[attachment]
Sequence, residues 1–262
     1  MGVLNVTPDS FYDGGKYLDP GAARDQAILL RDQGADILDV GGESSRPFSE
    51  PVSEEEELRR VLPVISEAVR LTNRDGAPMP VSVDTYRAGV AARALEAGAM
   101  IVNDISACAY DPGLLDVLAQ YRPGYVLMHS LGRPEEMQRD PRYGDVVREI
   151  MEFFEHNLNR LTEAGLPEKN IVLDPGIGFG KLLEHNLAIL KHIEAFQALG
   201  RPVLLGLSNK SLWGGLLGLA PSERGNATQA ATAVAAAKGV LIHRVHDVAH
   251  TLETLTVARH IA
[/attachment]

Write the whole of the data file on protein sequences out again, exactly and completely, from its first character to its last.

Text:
Sequence, residues 1–262
     1  MGVLNVTPDS FYDGGKYLDP GAARDQAILL RDQGADILDV GGESSRPFSE
    51  PVSEEEELRR VLPVISEAVR LTNRDGAPMP VSVDTYRAGV AARALEAGAM
   101  IVNDISACAY DPGLLDVLAQ YRPGYVLMHS LGRPEEMQRD PRYGDVVREI
   151  MEFFEHNLNR LTEAGLPEKN IVLDPGIGFG KLLEHNLAIL KHIEAFQALG
   201  RPVLLGLSNK SLWGGLLGLA PSERGNATQA ATAVAAAKGV LIHRVHDVAH
   251  TLETLTVARH IA